Formal charge of FC is the difference between the number of valence electrons of each atom and the number of electrons the atom is associated with. Formal charge assumes any shared electrons are equally shared between the two bonded atoms.
Formal charge is calculated using the equation:
FC = eV - eN - eB/2
eV = number of valence electrons of the atom as if it were isolated from the molecule
eN = number of unbound valence electrons on the atom in the molecule
eB = number of electrons shared by the bonds to other atoms in the molecule
Formal Charge Example Calculation
For example, carbon dioxide or CO2 is a neutral molecule that has 16 valence electrons. There are three different ways to draw the Lewis structure for the molecule to determine formal charge:
- The carbon atom may be joined to both oxygen atom via double bonds (carbon = 0, oxygen = 0, formal charge = 0)
- The carbon atom may have a single bond with one oxygen atom and a double bond to the other oxygen atom (carbon = +1, oxygen-double = 0, oxygen-single = -1, formal charge = 0)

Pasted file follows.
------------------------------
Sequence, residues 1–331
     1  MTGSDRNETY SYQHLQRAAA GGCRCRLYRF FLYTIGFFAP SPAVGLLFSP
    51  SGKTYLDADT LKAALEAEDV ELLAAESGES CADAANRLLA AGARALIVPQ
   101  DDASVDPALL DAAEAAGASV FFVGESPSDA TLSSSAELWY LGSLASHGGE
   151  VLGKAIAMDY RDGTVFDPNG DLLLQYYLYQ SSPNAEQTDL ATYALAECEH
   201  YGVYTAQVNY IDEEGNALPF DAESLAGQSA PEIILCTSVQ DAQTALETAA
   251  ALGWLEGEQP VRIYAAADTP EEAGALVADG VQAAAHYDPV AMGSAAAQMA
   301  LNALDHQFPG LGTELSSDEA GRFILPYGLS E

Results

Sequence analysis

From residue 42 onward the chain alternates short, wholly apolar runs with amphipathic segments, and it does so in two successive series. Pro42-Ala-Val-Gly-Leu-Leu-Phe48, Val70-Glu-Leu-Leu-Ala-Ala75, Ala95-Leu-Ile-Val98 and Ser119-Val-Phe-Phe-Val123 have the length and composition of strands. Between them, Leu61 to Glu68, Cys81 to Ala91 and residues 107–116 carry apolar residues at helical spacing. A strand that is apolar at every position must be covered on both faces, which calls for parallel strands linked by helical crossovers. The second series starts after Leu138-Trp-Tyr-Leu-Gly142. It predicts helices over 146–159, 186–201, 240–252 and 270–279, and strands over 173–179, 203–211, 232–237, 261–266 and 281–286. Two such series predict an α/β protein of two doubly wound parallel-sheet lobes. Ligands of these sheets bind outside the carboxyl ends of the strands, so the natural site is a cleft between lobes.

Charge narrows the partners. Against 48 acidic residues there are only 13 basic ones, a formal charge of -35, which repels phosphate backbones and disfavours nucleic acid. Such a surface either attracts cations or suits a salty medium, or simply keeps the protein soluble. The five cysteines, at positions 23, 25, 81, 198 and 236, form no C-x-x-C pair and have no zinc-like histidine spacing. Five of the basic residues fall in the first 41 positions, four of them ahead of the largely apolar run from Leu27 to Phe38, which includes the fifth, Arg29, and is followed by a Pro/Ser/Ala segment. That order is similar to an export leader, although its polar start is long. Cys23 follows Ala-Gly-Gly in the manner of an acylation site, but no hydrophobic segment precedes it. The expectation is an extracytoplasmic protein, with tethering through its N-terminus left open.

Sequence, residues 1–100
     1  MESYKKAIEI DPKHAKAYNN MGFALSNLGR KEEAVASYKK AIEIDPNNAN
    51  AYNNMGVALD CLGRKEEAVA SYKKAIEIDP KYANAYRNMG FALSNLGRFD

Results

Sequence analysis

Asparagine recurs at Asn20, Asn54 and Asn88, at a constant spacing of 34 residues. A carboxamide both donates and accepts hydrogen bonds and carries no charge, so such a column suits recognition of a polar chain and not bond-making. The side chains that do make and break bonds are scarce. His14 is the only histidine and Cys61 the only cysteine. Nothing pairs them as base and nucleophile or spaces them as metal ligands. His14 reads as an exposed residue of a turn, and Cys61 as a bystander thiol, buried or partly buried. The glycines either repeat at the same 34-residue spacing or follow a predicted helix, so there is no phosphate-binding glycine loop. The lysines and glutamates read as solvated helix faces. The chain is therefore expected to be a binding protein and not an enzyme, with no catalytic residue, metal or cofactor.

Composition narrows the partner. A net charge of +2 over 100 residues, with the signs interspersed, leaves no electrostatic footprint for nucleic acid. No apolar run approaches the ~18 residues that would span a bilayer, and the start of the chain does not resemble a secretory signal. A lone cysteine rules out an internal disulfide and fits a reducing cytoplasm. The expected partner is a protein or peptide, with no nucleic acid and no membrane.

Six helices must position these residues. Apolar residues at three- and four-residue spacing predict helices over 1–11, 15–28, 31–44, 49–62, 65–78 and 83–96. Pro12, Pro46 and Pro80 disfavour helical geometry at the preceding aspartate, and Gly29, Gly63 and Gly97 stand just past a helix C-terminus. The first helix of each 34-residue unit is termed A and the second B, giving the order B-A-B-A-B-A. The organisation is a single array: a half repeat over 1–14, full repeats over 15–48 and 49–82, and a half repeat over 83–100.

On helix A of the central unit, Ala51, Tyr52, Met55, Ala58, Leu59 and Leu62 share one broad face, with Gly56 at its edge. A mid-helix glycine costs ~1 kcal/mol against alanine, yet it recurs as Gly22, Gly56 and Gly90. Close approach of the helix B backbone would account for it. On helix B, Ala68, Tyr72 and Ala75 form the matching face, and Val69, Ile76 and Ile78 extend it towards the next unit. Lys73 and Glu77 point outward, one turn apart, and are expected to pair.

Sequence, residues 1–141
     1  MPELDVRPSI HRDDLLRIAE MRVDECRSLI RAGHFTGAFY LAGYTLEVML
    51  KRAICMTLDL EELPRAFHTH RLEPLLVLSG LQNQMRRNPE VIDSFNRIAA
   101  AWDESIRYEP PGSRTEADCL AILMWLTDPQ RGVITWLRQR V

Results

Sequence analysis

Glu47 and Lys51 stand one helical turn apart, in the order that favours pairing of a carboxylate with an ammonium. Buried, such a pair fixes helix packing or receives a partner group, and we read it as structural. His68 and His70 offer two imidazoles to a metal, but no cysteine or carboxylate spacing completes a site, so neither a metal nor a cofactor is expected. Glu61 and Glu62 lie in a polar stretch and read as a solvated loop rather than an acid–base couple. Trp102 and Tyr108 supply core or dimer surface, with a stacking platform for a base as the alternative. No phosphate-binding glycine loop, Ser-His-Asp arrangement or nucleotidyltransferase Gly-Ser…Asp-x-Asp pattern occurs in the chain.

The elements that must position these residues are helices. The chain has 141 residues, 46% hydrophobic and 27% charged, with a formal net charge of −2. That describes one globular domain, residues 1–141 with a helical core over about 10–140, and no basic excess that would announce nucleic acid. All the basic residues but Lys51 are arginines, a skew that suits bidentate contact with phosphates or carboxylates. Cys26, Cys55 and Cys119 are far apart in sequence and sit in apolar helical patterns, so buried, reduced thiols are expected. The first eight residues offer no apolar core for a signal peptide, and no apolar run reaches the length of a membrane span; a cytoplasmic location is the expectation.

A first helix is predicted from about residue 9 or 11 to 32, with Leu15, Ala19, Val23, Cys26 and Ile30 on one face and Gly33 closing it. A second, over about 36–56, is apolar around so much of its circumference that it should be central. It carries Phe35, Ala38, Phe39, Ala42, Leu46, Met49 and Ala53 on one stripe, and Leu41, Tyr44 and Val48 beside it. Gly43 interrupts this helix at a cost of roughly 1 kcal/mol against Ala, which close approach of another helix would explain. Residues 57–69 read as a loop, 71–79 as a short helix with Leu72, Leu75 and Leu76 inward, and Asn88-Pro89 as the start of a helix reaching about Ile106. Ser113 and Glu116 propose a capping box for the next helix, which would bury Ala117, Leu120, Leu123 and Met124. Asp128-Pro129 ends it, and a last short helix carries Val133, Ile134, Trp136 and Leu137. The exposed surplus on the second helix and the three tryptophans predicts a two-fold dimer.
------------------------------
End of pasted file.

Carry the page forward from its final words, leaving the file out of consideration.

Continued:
- The carbon atom may be joined to each oxygen atom via single bonds (carbon = +2, oxygens = -1 each, formal charge = 0)
Each possibility results in a formal charge of zero, but the first choice is the best one because it predicts no charge in the molecule. This is more stable and thus is most likely.
See how to calculate formal charge with another example problem.
Formal Charge Key Takeaways
- Formal charge (FC) is the electric charge of an atom in a molecule.
- It is calculated as the number of valence electrons minus half the number of electrons shared in a bond minus the number of electrons not bound in the molecule.
- Formal charge is used to estimate the way electric charge is distributed in a molecule.